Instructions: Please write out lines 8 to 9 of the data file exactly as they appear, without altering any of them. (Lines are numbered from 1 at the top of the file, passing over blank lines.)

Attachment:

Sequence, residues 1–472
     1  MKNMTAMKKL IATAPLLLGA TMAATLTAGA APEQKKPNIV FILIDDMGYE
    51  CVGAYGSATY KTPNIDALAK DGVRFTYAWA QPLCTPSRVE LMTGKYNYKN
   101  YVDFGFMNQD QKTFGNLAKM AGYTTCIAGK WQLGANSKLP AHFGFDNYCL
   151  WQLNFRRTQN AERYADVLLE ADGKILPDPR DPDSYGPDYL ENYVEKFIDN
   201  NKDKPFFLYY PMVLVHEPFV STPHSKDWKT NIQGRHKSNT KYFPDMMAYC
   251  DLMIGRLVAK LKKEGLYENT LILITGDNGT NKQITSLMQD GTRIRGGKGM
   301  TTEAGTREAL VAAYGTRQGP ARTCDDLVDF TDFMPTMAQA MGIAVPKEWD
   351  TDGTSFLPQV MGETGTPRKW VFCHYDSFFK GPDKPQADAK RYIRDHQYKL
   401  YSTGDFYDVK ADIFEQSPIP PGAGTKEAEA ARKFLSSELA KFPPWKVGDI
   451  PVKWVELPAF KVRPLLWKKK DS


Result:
   301  TTEAGTREAL VAAYGTRQGP ARTCDDLVDF TDFMPTMAQA MGIAVPKEWD
   351  TDGTSFLPQV MGETGTPRKW VFCHYDSFFK GPDKPQADAK RYIRDHQYKL